Reflecting on Two Years Post-Highschool| What I Learned, Experienced, and Became

Yesterday my sister graduated high school. I watched her walk across the stage with her honors tassel, get her diploma from our dad (the School Board President) and toss her cap in the air with the rest of her small class. It was weird thinking that she’s grown up now. Just two years ago, I was the one graduating and she was still learning how to be a student, not an adult.

It really had me reflecting on what all has happened to me in the past two years since I received my diploma. I’ve learned a lot in those two short years and it has shaped me into a completely different person. So what has happened?

1. I  got my first job.

I wrote about this before, but I worked for the Boys and Girls Club Association in my hometown. I got to work with kids, which I absolutely love. Teaching them and showing them that not everyone is a bad guy was amazing. Being a role model to kids who not always had the best home lives is rewarding in and of itself, but getting paid to do it made it even better. I met so many different people who loved helping children and it was inspiring. At the time, I was an early childhood education major so it was a great experience for me.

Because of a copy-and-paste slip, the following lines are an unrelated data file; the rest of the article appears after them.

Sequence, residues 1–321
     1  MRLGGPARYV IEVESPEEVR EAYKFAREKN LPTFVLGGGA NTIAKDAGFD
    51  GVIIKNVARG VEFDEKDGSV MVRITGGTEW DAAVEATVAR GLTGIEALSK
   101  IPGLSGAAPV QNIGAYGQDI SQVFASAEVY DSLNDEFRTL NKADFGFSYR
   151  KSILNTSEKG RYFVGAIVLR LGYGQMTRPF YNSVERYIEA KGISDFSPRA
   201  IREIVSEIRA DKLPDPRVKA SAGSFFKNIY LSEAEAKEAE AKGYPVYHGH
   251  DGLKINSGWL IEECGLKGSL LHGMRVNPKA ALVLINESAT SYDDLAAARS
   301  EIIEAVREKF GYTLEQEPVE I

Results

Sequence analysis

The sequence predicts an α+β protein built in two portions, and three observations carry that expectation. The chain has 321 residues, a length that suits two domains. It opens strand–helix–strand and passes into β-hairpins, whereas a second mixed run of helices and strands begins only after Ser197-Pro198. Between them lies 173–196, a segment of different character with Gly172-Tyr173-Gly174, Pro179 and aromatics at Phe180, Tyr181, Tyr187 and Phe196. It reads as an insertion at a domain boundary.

2. I quit my first job.

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Damn right I did. Five months later and I was out of that hell hole. To this day, I miss my little kiddos that never failed to put a smile on my face. But the other employees from top to bottom were not the crowd for me. After a while, I learned that I had to do what was best for myself and I turned in my resignation. I remember telling the kids I was leaving. It was torture. But now I’m out of a toxic workplace and I’m feeling so much better. No job is worth my sanity, dignity, and time.